aetiological factors for OSF are the constituent...
REFERENCES
 Neville B W, Damm D D, Allen C M, Bouquot J E. Oral &
maxillofacial pathology; elsevier ,noida,2nd
ed.
 Raje...
 Oral Submucous Fibrosis: Review on Mechanisms of
Pathogenesis and Malignant Transformation, Rasika
Priyadharshani Ekanay...
THANK
YOU
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  1. 1. Oral SubmucOuS FibrOSiS Presented by: Dr Kalpajyoti Bhattacharjee
  2. 2. CONTENTS  Introduction  Definition  Epidemiology  Nomenclature  Classification  Etiopathogenesis  Clinical features  Histopathology  Differential diagnosis  Special investigations  Malignant potential  Treatment and Management
  3. 3. INTRODUCTION  Oral mucous membrane is a unique area of the body, which is continuously exposed to various kinds of stresses such as heat, cold, microorganisms, chemicals and mechanical irritations.  In response to these stresses, both epithelium and connective tissue layers of the oral mucosa exhibit acute and chronic reactive changes.
  4. 4.  One such reaction of the collagen of oral mucosa to arecanut is oral submucous fibrosis.  Oral Submucous Fibrosis (OSMF) is a chronic disease of insidious onset and a prevailing potentially malignant disorder characterized by juxta-epithelial inflammatory reaction along with mucosal fibrosis.  OSMF is characterized by deposition of dense collagen in the connective tissue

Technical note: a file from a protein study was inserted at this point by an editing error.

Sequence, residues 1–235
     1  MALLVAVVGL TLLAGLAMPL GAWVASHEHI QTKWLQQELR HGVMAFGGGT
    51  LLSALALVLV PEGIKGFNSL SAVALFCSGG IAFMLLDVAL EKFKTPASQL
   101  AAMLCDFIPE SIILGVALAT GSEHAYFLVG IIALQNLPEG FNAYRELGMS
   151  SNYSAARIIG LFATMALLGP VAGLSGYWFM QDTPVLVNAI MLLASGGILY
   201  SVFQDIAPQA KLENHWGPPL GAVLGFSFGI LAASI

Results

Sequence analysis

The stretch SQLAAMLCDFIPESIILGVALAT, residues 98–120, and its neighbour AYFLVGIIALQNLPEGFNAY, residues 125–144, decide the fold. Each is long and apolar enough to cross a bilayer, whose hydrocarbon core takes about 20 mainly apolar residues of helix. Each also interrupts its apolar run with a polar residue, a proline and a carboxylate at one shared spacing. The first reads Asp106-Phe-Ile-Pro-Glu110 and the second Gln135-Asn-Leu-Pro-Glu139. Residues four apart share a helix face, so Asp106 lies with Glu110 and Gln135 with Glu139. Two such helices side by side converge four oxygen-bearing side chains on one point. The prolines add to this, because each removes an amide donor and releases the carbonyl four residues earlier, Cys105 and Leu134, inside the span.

5. 5.  First described by Schwartz “atrophica idiopathic mucosae oris” in 1952 among 5 Indian females in Kenya.  1953- Joshi from Bombay redesignated the condition as Submucous Fibrosis.
  6. 6.  Most widely accepted definition by Pindborg JJ & Sirsat S.M (1966) states- “OSMF is an insidious chronic disease affecting any part of the oral cavity and sometimes the pharynx. Although, occasionally preceeded by and/or associated with vesicle formation, it is always associated with juxta epithelial inflammatory reaction, followed by a fibroelastic change of the lamina propria, with epithelial atrophy leading to stiffness of the oral mucosa and causing trismus and inability to eat”. DEFINITION
  7. 7. EPIDEMIOLOGY Oral submucous fibrosis (OSF), first described in the early 1950s, is a potentially malignant disease predominantly seen in people of Asian descent. The disease is predominantly seen in India, Bangladesh, Sri Lanka, Pakistan, Taiwan, Southern China, Polynesia and Micronesia. Several case-series are reported among Asian immigrants to the UK and South and East Africa. A significant variation in the prevalence of OSF in different countries has been reported. Pindborg (1980) quotes it as almost exclusively occurring among Indians, Pakistanis and Burmese.